ceeeff 27 days ago
This was a very, very interesting bit of speculative fiction with a decidedly feminist twist - the women (and non-binary) travelers described are quite literally waging war against those who would have women subjugated. Newitz has smartly twined together both the sickening 21st century "incel" community and 19th century conservative "moralists" to create One Big Bad, whose only goal is to take away any and all rights for women. What follows is a long romp ping-ponging through a couple different eras of time to stop the Big Bad, and while the plot could get lost in all of the ~Possibilities~ of time travel, it actually does a great job of keeping the story human-centered on our protagonists. Because of the focus on Beth and Tess, it becomes up to the reader to speculate on all of the ways that completely normalized time travel could effect the ever-fluctuating "main" timeline... I actually wanted to hear more about a minor character (Delilah)'s experiences traveling to prevent accidental deaths in service of a life insurance company. Newitz has created a fun little sandbox for my brain to play in during downtime. The plot can come across as a little heavy handed at times - the scenes where they confront Comstock are extremely... optimistic - but I think it is an excellent, uplifting novel for our times. (Note: I was provided an ARC by BookishFirst in exchange for an honest review)
Kelsey Bickmore 27 days ago
I got an ARC of this book from Bookish First. Somehow, from the first look that I read of it, I thought this was going to be a bit more entertaining than it turned out to be. I usually read books to escape from real life, but this book kind of dragged real life back in. I was a fan of the time traveling and I wished there was more explaining and finding out where the Machines came from, who built them, or how they came to be. The Tess parts of the story were interesting at times and I liked learning about some of the alternative history (the blurbs of real history at the back of the book were cool too) but I kept dropping out when it kind of got too, dare I say preachy? Plus she got to break the rules of time travel and she turned out okay, unlike the example that was mentioned as what happened when the rules were broken. The solution to her issues at the very end kind of seemed like a cop out to make it end happily for all the parties involved. I think I liked Beth's part of the story better, even if it did not involve the time travel so much, except on the peripheral. It felt better written, though again, I usually read books to escape reality and this was a big dose of it. This book was alright but I probably won't read it again, or recommend it. The cover is cool though.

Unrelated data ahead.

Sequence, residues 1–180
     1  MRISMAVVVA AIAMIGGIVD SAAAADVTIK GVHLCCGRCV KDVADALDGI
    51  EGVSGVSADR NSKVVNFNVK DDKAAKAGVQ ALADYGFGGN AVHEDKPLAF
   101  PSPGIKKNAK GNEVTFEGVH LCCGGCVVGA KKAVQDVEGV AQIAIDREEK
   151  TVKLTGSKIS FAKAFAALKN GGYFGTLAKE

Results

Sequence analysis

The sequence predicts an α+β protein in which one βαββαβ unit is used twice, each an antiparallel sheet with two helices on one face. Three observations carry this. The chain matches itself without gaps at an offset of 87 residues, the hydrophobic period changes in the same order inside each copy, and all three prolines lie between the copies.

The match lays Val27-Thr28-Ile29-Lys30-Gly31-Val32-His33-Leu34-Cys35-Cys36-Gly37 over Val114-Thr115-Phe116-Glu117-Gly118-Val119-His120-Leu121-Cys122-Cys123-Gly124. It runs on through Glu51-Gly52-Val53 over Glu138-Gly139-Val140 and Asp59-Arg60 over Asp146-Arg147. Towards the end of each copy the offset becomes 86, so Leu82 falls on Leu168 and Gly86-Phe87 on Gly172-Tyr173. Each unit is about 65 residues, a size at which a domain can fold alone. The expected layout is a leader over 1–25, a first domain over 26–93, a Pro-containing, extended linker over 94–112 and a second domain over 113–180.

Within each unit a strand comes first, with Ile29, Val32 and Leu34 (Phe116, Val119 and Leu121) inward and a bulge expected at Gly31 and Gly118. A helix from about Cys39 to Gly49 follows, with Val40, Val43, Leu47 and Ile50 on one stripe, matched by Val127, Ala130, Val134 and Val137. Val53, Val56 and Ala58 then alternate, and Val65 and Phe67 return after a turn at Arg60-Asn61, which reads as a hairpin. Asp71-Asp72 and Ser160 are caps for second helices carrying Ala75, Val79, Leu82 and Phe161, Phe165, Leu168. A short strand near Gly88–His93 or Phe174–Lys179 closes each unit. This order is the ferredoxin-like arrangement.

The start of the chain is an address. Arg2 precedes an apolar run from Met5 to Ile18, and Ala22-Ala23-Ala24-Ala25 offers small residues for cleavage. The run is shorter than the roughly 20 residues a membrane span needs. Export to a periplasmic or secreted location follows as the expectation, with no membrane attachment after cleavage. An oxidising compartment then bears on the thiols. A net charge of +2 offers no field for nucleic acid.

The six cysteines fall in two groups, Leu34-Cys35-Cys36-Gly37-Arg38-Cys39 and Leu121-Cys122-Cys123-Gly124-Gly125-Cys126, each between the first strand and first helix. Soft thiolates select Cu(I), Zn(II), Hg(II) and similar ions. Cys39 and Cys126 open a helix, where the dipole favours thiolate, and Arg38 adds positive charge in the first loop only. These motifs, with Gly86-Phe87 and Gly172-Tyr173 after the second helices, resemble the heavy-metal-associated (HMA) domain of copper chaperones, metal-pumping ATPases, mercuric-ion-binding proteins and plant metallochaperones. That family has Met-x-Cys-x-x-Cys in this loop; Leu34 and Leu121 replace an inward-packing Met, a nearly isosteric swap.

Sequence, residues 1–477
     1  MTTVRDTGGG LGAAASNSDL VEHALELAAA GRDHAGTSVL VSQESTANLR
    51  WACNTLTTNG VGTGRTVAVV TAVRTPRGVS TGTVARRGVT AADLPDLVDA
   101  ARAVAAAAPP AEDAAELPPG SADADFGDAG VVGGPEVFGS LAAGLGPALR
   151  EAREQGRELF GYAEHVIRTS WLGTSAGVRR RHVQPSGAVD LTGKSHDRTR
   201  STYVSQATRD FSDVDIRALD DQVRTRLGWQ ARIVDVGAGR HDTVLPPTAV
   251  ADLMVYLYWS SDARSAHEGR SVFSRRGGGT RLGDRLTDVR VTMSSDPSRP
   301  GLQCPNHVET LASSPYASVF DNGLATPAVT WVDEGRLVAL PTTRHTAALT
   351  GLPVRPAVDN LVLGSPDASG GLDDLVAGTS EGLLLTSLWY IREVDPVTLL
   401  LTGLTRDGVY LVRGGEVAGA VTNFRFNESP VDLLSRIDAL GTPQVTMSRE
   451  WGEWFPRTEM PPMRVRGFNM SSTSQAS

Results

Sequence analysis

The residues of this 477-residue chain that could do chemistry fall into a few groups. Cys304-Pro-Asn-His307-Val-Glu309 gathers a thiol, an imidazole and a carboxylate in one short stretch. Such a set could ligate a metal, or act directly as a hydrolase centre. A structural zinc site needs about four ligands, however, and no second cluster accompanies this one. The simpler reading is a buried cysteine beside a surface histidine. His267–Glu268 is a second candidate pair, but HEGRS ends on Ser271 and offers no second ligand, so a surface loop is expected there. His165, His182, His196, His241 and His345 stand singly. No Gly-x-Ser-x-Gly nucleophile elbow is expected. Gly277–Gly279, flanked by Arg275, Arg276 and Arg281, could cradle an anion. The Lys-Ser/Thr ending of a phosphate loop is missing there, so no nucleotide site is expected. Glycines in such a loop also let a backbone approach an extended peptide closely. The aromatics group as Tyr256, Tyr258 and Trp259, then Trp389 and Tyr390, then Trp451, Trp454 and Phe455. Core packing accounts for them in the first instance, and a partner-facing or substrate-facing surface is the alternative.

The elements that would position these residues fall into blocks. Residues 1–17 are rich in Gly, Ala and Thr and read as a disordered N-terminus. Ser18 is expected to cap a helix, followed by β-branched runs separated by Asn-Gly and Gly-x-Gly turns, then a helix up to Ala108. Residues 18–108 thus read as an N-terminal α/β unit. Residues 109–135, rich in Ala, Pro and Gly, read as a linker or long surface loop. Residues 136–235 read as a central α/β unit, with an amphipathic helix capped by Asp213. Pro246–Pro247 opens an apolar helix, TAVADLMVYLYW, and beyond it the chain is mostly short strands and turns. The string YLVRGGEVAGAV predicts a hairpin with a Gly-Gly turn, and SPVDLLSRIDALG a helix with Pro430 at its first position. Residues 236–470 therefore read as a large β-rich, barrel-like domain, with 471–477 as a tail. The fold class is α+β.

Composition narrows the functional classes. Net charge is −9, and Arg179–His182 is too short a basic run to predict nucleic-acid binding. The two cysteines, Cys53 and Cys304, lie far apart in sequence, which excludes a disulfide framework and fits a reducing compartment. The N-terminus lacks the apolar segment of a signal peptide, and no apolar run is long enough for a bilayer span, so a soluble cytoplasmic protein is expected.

WeezieL 27 days ago